Brianne Jenner

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Brianne Jenner
BrianneJenner.jpg
Brianne Jenner playing for Team Canada in 2017
Born (1991-05-04) May 4, 1991 (age 31)
Oakville, Ontario, Canada
Height 5 ft 9 in (175 cm)
Weight 157 lb (71 kg; 11 st 3 lb)
Position Forward
Shoots Right
PWHPA team
Former teams
Toronto
National team  Canada
Playing career 2008–present

Brianne Alexandra Jenner (born May 4, 1991) is a Canadian professional ice hockey player and a member of Canada's national women's hockey team, currently affiliated with the Toronto chapter of the Professional Women's Hockey Players Association (PWHPA). She made her debut for Canada at the 2010 Four Nations Cup and won a gold medal. She was also a member of the Cornell Big Red women's ice hockey program.

Playing career[edit]

In high school, Jenner was the captain of the Appleby College hockey team. Jenner played junior hockey in the Provincial Women's Hockey League (PWHL) with the Stoney Creek Sabres. She was also the captain of Team Ontario Red at the 2008 National Women's Under-18 Championship. She scored the game-winning goal in double overtime of the gold medal game.[1]

Cornell[edit]

On October 29 and 30, 2010, Jenner played a role in both victories for the Cornell Big Red ice hockey team. On October 29, she had three assists at Quinnipiac. The following day, she scored a pair of goals and added an assist at Princeton.[2]

During three games played from February 7 to February 11, 2012, Jenner led her team with eight points. Versus nationally ranked Mercyhurst, Jenner had a goal and an assist in a February 7 victory over Mercyhurst. In a 5–0 shutout win over the Brown Bears (on February 10), Jenner garnered two assists from two goals. On February 11, Jenner scored the game-winning goal versus the Yale Bulldogs that clinched the ECAC Hockey regular-season championship. In addition, she went on to score another goal, while earning her 30th assist of the season.[citation needed]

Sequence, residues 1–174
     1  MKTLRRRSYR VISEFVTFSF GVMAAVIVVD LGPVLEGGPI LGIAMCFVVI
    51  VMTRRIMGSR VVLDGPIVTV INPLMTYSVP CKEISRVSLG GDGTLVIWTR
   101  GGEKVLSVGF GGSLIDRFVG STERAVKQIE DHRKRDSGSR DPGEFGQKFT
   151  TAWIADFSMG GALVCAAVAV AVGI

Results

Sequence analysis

CWHL[edit]

Before she went to college, she played with the Mississauga Chiefs during the 2008–09 Canadian Women's Hockey League season. The following season, she joined the Burlington Barracudas and then left for Cornell in 2010.

On June 6, 2015, Jenner announced her entry into the 2015 CWHL Draft with the hopes of being selected by the Calgary Inferno as she would also be studying for a master's degree in public policy at the University of Calgary[3] and would play alongside three or more Cornell Big Red graduates.[4]

Jenner helped the Inferno capture their first Clarkson Cup championship in 2016. Contested at Ottawa's Canadian Tire Centre, she scored twice in an 8–3 victory over Les Canadiennes de Montreal.[5] She remained with the Inferno until the league ceased operations following the 2018–19 CWHL season.

PWHPA[edit]

Skating for Team Sonnet (Toronto), Jenner participated in the 2021 Secret Cup, which was the Canadian leg of the 2020–21 PWHPA Dream Gap Tour. In a 4-2 championship game loss versus Team Bauer (Montreal), she recorded a goal versus Ann-Renee Desbiens.[6]